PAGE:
Spiegel newspaper headquarters in Hamburg: http://www.smartplanet.com/blog/design-architecture/der-spiegel-moves-into-new-green-headquarters/1991

Amazon HQ in Seattle: http://www.sustainableindustries.com/articles/2011/03/amazon-responsible-urban-citizen

It will also prevent negative press coverage such as the one generated by the new “old style” Apple HQ: http://www.greenbiz.com/blog/2012/03/13/whats-wrong-apples-new-headquarters

Another way to gain free reputation improvement is to obtain independent recognition of your environmental performance such as expert-based GRI ranking (www.globalreporting.org) or consumer-based rankings (http://www.rankabrand.org).

rankabrand5 – Recognize and reward sustainability-focused-innovation projects

As was done with safety (e.g. Safest plant of the year award, entry sign displaying the number of days without injury), initiatives and achievements related to sustainability-focused innovation projects should be acclaimed publicly and incentivized.

BMW for instance pushes and recognizes suppliers’ innovations in sustainability at the BMW innovation awards: http://www.bmwgroup.com/e/0_0_www_bmwgroup_com/verantwortung/lieferkette/nachhaltigkeit.html

bmw innovation awards

Dow on their side organized a large student sustainable innovation award: http://www.dow.com/sustainability/studentchallenge/

I look forwards to hearing about future sustainable-innovation twists to your corporate culture!

A new blog: inspire & share innovation best practices

Innovation, whether it is about launching new products or adopting new ways to do business shares some features with any new market entry (industries, customer segments new geographies). It is in most cases a slow, difficult, ambiguous process. Outcomes are highly uncertain. It can be at times highly frustrating for those in charge of making it happen. However, it is a very rewarding job from an intellectual perspective and experience gain. Besides, it has the “fun factor” that lacks (at least for people like me) in routine activities. It can also provide large financial rewards to individuals, companies, industries and even countries when the sweetspot is discovered.

But above all innovation, having a flexible mindset and entering new markets in general are a must. The world evolves more quickly every day. Individual tastes change over time. Emerging countries can still produce cheaper than developed ones. Now they even innovate, threatening what advanced countries believed to be their single property. In a global economy, where capital, knowledge and human resources are highly mobile, the capacity to renew itself, to add more value is critical to revitalize growth in the developed world  – leaving austerity and unemployment at bay, rather than shutting down borders and advocating isolation as the solution. It is also one of the keys to exit poverty in emerging nations, enabling them to earn the right to sit at the table of the big nations. The freedom to choose, is better than being a debtors forever.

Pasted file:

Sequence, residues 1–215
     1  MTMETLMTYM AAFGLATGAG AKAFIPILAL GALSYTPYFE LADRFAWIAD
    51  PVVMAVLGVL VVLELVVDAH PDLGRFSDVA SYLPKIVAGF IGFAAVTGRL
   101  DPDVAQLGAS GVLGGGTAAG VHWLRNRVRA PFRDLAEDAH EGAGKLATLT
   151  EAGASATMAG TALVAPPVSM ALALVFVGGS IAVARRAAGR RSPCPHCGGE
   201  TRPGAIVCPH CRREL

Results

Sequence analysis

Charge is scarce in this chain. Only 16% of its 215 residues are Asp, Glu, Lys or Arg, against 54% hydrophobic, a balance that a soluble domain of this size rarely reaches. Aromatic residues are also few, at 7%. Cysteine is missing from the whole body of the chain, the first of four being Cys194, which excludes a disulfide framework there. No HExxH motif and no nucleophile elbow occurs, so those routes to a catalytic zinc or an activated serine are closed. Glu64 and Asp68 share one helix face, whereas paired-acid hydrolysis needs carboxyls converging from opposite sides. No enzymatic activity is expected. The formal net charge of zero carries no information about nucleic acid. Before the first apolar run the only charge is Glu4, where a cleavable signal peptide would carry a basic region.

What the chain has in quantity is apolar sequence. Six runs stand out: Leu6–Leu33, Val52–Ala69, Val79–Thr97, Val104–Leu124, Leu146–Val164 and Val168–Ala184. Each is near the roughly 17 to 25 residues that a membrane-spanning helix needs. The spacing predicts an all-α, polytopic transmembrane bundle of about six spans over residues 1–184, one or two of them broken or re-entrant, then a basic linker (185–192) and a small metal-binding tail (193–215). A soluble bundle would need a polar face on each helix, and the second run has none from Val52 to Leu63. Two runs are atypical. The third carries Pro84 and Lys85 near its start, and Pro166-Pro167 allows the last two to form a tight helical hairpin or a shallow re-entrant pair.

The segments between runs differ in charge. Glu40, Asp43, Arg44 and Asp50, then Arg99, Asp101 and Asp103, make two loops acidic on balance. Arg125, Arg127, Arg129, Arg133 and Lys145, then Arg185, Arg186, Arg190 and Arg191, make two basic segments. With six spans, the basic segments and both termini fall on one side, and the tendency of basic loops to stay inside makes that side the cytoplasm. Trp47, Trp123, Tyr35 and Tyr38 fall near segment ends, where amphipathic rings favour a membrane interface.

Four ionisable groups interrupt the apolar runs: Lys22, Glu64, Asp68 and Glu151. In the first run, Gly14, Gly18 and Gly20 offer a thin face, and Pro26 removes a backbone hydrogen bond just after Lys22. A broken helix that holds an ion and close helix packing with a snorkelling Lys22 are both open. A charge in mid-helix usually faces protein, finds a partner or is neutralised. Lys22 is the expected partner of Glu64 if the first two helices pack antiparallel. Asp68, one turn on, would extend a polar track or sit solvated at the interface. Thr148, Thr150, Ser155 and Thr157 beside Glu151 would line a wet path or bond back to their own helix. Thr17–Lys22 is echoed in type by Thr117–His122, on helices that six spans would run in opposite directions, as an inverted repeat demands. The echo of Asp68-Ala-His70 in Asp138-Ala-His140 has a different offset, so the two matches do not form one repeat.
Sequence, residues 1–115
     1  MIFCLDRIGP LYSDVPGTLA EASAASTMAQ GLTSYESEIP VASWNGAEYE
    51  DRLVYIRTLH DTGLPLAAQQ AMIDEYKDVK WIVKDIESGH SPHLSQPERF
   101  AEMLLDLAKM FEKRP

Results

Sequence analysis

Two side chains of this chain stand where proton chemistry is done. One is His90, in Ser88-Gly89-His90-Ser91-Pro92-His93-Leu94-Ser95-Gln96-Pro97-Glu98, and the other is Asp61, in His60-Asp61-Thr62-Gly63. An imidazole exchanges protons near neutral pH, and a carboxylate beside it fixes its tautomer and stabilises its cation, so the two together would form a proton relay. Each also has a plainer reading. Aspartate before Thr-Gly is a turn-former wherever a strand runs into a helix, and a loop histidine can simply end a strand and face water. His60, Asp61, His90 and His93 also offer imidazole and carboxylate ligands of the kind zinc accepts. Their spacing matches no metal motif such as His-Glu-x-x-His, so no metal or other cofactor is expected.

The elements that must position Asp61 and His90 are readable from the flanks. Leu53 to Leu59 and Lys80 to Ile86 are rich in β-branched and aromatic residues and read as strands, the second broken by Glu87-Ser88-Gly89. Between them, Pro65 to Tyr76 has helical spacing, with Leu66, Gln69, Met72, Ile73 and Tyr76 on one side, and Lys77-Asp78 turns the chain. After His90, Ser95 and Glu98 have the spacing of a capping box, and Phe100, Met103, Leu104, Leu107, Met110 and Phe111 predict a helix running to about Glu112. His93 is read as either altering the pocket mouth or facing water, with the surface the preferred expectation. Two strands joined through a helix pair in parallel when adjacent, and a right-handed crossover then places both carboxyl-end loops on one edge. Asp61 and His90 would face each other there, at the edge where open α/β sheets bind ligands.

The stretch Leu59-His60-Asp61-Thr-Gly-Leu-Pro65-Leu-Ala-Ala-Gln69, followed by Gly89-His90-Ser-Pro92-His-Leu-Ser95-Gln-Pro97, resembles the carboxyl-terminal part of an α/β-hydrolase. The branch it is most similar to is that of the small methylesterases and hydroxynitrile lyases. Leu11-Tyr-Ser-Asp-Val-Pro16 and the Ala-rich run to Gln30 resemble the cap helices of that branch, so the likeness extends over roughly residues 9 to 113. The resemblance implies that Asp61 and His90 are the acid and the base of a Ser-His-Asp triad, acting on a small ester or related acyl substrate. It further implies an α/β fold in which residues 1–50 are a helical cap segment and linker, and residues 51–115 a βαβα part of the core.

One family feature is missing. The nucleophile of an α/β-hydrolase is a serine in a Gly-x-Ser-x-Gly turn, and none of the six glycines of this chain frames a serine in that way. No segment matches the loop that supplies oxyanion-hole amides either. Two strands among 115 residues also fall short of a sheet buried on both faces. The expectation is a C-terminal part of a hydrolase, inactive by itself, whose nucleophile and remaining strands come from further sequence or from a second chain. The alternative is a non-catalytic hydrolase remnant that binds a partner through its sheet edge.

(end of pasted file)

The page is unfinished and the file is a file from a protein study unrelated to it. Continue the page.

Making innovation happen is my daily life, with it’s achieved milestones and challenges. Despite common points with any market entry, the path to success in innovation also follows some peculiar rules, which are not well-known. I will share my practical insights in this blog that are relevant to new market entries in general and those more specific to “innovation”. There are people of course who have more experience than I have in this field. I would not hesitate to recommend their books. I am not an academic (though I did study all the theories during my Kellogg-WHU Executive MBA). I am not a consultant (hence don’t expect me to draw to many models).  I am also not a native English speaker (don’t expect language wonders here). I am an industry practitioner, in charge of leading on a daily basis an innovation program aiming to introduce a game-changing technology. I am also a believer in the benefits of innovation.

This blog will contain notably best practices, innovators interviews, innovative ideas presentations and polls, books and articles recommendations, and more to come around ideas that can improve our world.

My intention is to inspire you to question status quo (in your company and in life in general) and share practical experience. My goal is to help you transform ideas into tangible (and profitable) realities that improve life. Hope I will help!

Be open – Be passionate – Have fun – Challenge status quo – Dare to act – Improve life